What Is True Understanding?
What does it mean to truly understand another person? Is it a matter of hearing their words and nodding in agreement, anxious and fully ready to convince them of our own point of view? Does it mean that we’ve already “been there, done that, bought the t-shirt” and therefore assume that we know what they’re going through?
There is an old Native American proverb that says, “Never judge a man until you’ve walked a mile in his moccasins”. We’ve all heard it said that we should not judge others at all – yet, exercising judgment in our lives is a necessary part of living and something we all must be capable of. Condemning another person is a whole different idea. The point is, that we shouldn’t judge another until we have a true understanding of where they are coming from.
So many widely respected and inspiring people have written about understanding in one way or another. Dr. Wayne Dyer and Dale Carnegie have taught how this principle can totally turn lives around and give you control over yourself and situations that would be impossible without true understanding.
In his best-selling book, “7-Habits of Highly Effective People”, Stephen Covey teaches Habit 5: Seek First To Understand, Then To be Understood. The rewards of true understanding are beyond measure and it may even be true that no solid, constructive relationship can last without that type of understanding.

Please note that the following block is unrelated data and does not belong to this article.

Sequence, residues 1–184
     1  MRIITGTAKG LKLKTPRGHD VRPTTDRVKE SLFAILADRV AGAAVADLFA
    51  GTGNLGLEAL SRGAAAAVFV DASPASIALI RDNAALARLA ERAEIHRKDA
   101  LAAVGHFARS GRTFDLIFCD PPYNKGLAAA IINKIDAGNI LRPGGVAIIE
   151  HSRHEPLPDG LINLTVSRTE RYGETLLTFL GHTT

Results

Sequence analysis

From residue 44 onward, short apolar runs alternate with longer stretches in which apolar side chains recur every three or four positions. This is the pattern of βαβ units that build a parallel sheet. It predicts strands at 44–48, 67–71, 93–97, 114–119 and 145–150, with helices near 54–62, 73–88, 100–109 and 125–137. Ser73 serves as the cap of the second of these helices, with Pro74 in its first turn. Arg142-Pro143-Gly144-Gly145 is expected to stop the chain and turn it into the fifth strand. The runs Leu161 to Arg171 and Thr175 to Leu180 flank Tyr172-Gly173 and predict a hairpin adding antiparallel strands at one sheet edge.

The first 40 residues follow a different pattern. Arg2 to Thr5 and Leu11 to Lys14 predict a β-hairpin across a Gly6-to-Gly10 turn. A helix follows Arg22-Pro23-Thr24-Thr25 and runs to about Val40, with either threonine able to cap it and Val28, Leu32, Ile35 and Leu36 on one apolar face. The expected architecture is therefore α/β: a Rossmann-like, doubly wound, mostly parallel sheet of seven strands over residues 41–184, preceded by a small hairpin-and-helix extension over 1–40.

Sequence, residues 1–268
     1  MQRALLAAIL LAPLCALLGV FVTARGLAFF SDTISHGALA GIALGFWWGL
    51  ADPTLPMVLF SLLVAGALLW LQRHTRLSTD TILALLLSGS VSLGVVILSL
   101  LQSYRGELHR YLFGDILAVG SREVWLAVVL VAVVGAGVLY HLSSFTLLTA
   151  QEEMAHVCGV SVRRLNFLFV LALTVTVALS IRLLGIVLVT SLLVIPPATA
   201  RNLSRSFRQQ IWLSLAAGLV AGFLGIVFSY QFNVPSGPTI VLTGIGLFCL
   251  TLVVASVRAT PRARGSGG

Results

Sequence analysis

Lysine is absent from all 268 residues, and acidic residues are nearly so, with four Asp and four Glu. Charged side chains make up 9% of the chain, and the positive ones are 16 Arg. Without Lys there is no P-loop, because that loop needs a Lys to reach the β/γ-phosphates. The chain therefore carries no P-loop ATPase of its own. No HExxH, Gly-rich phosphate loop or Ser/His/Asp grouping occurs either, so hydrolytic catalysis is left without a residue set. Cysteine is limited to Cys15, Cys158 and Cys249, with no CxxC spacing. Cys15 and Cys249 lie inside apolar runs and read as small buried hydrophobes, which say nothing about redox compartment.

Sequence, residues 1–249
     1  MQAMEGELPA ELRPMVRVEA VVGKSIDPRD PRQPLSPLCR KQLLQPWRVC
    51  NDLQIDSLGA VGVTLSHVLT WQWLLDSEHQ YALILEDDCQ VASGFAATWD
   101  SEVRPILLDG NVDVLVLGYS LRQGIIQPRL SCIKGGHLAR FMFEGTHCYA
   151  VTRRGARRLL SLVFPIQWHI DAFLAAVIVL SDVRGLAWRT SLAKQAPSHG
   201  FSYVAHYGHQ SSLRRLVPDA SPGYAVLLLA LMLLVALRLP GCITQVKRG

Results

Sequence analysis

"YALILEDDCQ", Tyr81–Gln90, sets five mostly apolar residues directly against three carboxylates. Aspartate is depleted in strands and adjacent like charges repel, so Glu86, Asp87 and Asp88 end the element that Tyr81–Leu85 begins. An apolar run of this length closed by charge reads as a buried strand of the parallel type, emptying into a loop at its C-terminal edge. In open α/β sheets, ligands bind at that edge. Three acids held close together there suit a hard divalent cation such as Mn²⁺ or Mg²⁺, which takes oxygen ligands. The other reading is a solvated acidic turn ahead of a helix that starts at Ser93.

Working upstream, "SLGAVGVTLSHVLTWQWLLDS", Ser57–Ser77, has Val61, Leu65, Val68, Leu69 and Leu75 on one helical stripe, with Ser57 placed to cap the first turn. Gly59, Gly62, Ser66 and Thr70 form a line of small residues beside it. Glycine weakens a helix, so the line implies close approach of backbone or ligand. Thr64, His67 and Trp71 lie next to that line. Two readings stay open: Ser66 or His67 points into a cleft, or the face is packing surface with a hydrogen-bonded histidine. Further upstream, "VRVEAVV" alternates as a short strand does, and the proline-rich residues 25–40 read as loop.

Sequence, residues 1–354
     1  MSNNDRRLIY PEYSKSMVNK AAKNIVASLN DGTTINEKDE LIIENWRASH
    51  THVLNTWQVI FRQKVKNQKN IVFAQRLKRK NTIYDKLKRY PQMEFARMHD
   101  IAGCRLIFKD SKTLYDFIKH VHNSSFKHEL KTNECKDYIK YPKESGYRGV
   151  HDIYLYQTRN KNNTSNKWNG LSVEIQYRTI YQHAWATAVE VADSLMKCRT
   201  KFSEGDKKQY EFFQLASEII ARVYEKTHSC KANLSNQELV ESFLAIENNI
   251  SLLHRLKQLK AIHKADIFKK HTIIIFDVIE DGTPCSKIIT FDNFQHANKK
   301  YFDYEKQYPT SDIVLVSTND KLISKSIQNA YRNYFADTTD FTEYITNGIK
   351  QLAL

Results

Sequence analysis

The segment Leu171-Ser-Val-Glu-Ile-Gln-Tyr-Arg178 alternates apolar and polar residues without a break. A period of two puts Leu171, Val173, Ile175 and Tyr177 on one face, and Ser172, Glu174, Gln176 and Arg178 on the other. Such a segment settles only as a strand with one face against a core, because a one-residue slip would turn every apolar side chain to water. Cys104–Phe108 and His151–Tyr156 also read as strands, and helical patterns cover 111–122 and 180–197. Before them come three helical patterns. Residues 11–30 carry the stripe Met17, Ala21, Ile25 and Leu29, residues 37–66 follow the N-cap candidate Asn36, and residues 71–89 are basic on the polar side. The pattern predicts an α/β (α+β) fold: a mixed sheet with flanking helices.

True understanding is empathetic. To actually feel what another person is feeling inside about a situation – even if for only a moment. Khen Lampert said, “Empathy is what happens to us when we leave our own bodies…and find ourselves either momentarily or for a longer period of time in the mind of the other. We observe reality through her eyes, feel her emotions, share in her pain..”
Let’s Cook Up Some Understanding
So, what are the ingredients of “true understanding”?
Obviously, to have a true understanding of another person, we have to have a genuine desire to understand. This isn’t just wanting answers from them – it is a sincere desire within you to know the person. A strong enough emotion that it will motivate you to follow through in the recipe of understanding long enough to bake in the rest of the ingredients.
This is the big one. I’ve talked a lot about what I call “Unwritten Laws of the Universe”. One of those laws – or timeless principles – is that pride and understanding cannot coexist.
What …we can’t have pride? Hold on – I’m not talking about being proud of your child’s performance in the school concert, your award winning flower garden or a job well done. I’m going straight to the kind of pride that inflated ego and conceit are built of. Pride that blocks a person from really seeing a situation through the eyes of another person because we already think we know how they feel.
The thought of taking on someone else’s perspective makes most of us nervous, naturally, as we don’t want to lose our own identity. Most often, we are already strongly opinionated when the need for understanding is the greatest.
Pride is that thing inside of us that protects our point of view, keeps up a defensive wall and guards against whatever might threaten our sense of being. Part of our inherent nature is self-preservation. We are naturally scared of taking on a true understanding of another human being because our subconscious knows that it might just change how we think or feel about a situation if we can see it from the other person’s perspective.